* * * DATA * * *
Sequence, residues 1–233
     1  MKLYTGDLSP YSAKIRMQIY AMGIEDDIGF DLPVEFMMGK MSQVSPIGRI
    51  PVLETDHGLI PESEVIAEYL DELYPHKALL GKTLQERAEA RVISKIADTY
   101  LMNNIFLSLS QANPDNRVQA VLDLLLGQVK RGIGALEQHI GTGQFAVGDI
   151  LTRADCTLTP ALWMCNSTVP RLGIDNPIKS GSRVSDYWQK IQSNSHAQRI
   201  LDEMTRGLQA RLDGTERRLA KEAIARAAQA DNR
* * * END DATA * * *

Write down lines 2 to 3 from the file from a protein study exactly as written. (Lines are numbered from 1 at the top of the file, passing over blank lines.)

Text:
     1  MKLYTGDLSP YSAKIRMQIY AMGIEDDIGF DLPVEFMMGK MSQVSPIGRI
    51  PVLETDHGLI PESEVIAEYL DELYPHKALL GKTLQERAEA RVISKIADTY